The group has an option to purchase the Canterbury property for $300,000 from Daniel M. Cymkow. According to the wetlands application, a 12- to 15-foot wide driveway would wind through the land. The first and second phases of the cemetery would be four acres each, and the third phase would be 17 acres. The land would not be clear cut, Hamid said.

If a wetlands permit is approved, the group would still need a special exception permit from the Planning & Zoning Commission.

First Halal Meals on Wheels Program Introduced in US

DETROIT, MI–The Arabic Community Center for Economic and Social Services has launched what is the first Halal  Meals on Wheels program in the US. The program delivers hot Halal meals to seniors who require care and was launched last month in Dearborn.

Amne Darwish Talab of the Arab Community Center for Economic and Social Services told the Detroit News that  there has been a need for this type of service for a long time.

“There are a lot of people who don’t have the same living conditions as they did before this economic crisis,” said Talab, ACCESS’s social services. “A lot of seniors have no family or no kids or their kids are in another state.”

The program currently has about 20 recipients and is expected to grow.

Muslim students help the homeless in Orlando

ORLANDO, FL–The Muslim Student Association at the University of Central Florida has launched a program which not only provides food for the homeless but also gives then clean , new socks.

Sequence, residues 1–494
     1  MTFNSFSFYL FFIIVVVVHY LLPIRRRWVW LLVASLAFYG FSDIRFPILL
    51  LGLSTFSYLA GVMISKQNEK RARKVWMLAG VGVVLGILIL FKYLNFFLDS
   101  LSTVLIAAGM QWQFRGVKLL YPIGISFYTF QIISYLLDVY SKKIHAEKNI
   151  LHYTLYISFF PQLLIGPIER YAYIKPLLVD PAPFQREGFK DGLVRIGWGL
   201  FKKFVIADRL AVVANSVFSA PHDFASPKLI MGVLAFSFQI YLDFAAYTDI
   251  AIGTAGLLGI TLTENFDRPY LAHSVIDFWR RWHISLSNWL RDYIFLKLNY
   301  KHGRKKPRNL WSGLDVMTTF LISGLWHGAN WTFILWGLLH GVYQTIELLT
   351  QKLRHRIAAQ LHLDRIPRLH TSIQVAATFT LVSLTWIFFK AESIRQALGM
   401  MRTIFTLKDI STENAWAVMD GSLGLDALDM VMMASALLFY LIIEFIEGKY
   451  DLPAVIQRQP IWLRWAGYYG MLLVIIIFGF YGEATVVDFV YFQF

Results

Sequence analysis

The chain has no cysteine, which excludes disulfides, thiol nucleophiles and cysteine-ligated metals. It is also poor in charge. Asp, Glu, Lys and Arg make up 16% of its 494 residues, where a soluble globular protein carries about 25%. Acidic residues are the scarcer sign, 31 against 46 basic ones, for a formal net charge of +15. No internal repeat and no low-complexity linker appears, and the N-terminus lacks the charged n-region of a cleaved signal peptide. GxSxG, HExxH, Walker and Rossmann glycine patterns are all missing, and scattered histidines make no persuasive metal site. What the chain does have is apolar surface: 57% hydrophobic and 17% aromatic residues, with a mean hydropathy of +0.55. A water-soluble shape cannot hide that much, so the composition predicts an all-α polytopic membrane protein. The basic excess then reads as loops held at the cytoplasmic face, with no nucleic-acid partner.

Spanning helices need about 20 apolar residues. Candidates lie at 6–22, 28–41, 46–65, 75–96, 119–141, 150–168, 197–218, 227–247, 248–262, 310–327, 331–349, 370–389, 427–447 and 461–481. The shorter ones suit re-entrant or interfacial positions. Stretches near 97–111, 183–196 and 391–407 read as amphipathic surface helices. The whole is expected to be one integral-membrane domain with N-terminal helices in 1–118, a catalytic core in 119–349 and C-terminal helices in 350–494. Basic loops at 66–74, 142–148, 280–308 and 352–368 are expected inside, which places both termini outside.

Project Downtown is a part of MSA National that was started by students in Miami who wanted to give the homeless more than food, the Central Florida Future reported.

The project is founded on the idea that people should not only give food but also whatever modest, unconditional gifts they can offer, according to Project Downtown’s Web site.

Huma Khan, a mechanical engineering major and the Director of Project Downtown, Orlando, said that the sock donation was one way to give more to the community.

“It’s just a random thing we picked out that homeless people do need,” she said. “Socks, underwear, stuff like that. Just little things that we look over that people in the streets actually do need and that they appreciate a lot more than we do.”

Khan added that the members of Project Downtown, Orlando give the homeless someone to talk to.

“Us being here kind of just gives them something to look forward to,” she said. “I build relationships with people. I know who they are, I know them by face…if you have a good conversation with someone one week, it’ll kind of make your day a little bit better and you’ll look forward to speaking to that person again.”